Project 3: Epigenetic Regulation of Germ Cell Development

The mammalian germline undergoes successive waves of epigenetic remodeling  to generate a gamete that is competent to support fertilization, embryo development and ultimately the birth of healthy offspring.  Our lab studies the mechanisms of germline epigenetic remodeling in the earliest stages of germ cell development in the embryo. Epigenetic remodeling in the germline is a cumulative process. Therefore,  if remodeling  is incorrect from the outset, the next stages of germ cell development inherit the earlier epigenetic errors and these can be passed to offspring. To address epigenetic remodeling in early germ cells, we use genetically engineered models to study epigenetic regulators that act intrinsically in early germ cells to prepare them to respond to the niche and develop the capacity for initiating differentiation to undergo gametogenesis.  Our work has shown that failed epigenetic remodeling in the early germline leads to problems with differentiation and infertility.  Therefore epigenetic remodeling is a central requirement for human reproductive success and prevention of reproductive disease.  Work on this project is funded by the National Institute of Health, National Institute for Child Health and Human Development.  For our latest work on this project, please see our publications.

Project 4: Stem Cell Biology, Embryo Models and In vitro Gametogenesis

Pluripotent stem cells can differentiate into any cell type in the body including human germ cells.  This makes human pluripotent stem cells an ideal research tool to understand genes, RNAs and proteins required for human germline development and reproduction.  As human germ cells are amongst the earliest lineages to be specified in the first trimester human embryo, embryo modelling using human pluripotent stem cells can provide unique insights into the three-dimensional aspects, and tissue-tissue interactions involved in early human germline development.  Diseases such as primary ovarian insufficiency have been associated with problems in primordial germ cell specification.  Therefore understanding the events involved in germline establishment are critical to future studies aimed at identifying the genes involved in ovarian diseases such as primary ovarian insufficiency and precocious loss of endocrine support. This work is supported by the National Institute of Health, Institute for Child Health and Human Development.  For social implications on the use of vitro gametogenesis for the purposes of reproduction, please see our colleagues work at the UCLA Institute of Society and Genetics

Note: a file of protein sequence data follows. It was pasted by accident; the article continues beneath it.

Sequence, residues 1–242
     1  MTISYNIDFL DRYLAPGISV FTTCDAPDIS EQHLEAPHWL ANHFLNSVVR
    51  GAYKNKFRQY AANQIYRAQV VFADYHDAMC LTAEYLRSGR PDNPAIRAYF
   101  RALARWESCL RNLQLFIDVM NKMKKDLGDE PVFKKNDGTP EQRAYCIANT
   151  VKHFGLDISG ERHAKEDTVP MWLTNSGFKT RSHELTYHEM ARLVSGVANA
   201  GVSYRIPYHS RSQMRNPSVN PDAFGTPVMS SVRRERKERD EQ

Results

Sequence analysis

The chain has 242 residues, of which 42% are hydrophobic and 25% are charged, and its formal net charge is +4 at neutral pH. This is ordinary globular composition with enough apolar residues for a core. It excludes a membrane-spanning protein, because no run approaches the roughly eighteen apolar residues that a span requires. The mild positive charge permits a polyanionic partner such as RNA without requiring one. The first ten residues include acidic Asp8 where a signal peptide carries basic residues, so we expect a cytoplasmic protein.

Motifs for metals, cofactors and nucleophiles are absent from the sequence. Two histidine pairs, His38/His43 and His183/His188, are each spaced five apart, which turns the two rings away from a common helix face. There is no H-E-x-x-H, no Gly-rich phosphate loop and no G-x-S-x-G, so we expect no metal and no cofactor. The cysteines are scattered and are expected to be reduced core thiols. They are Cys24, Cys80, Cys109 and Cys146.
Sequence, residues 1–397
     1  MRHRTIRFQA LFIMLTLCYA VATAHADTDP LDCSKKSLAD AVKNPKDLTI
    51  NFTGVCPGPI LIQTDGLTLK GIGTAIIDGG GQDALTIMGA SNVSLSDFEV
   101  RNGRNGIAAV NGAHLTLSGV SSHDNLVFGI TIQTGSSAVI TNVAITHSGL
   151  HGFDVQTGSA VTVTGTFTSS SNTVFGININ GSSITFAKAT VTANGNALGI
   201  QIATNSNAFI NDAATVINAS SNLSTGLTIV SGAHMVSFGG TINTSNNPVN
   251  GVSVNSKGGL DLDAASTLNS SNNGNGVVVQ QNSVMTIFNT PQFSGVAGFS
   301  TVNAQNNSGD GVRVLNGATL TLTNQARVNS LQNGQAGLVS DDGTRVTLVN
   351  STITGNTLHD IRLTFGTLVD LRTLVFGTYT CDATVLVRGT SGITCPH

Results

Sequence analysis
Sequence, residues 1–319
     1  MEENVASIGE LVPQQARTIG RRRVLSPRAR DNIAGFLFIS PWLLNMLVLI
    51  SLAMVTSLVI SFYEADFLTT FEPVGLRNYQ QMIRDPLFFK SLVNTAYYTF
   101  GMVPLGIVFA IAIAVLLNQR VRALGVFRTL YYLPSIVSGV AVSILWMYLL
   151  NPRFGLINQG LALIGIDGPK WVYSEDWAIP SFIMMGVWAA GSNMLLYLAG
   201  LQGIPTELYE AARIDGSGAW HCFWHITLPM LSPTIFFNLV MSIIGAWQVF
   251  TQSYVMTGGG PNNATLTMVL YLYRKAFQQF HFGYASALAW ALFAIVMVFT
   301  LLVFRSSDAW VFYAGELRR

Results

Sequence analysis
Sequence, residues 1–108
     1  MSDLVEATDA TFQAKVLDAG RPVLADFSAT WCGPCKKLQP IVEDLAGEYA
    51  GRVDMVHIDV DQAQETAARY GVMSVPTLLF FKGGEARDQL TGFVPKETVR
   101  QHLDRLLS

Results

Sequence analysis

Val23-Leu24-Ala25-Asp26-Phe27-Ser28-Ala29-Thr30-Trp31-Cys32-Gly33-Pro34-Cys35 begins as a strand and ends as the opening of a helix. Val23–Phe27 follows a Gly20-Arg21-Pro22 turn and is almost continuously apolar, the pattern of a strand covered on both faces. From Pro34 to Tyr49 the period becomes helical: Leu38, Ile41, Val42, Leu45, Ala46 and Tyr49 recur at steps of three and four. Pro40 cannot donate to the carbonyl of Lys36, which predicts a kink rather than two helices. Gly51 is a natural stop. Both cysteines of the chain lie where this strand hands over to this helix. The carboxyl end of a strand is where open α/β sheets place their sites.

Project 5: The Testis Project: Deciphering Cell Lineage Decisions During Embryonic Life

The testis is the major site in the body for testosterone production as well as tissue stem cells required for a persons fertility.  The testis develops early in embryo development from multipotent precursors that have the capacity to differentiate into either an ovary or a testis depending on genetic sex.  Our work in this area involves understanding how the germ cells of the testis develop and differentiate into tissue-specific stem cells called spermatogonia.  In collaboration with our colleagues at the University of Pittsburgh and MD Anderson Cancer Center, we also demonstrated that germ cells made by in vitro gametogenesis are transplantable. Work on this project is funded by the National Institute of Health, National Institute for Child Health and Human Development.  For our latest work on this project please see our publications.